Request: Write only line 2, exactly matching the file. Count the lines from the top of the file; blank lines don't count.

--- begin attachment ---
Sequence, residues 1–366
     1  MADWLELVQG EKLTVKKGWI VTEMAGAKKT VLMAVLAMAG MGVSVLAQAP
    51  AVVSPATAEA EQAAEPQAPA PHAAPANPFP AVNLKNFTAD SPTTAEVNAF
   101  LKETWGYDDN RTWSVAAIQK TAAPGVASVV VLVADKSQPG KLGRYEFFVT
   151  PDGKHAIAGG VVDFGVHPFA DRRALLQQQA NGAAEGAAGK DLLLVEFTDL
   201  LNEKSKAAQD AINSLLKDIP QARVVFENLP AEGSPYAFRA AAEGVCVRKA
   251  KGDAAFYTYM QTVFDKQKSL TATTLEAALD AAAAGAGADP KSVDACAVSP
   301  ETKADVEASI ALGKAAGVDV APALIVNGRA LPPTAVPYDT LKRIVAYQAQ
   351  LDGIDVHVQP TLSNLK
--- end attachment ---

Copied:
     1  MADWLELVQG EKLTVKKGWI VTEMAGAKKT VLMAVLAMAG MGVSVLAQAP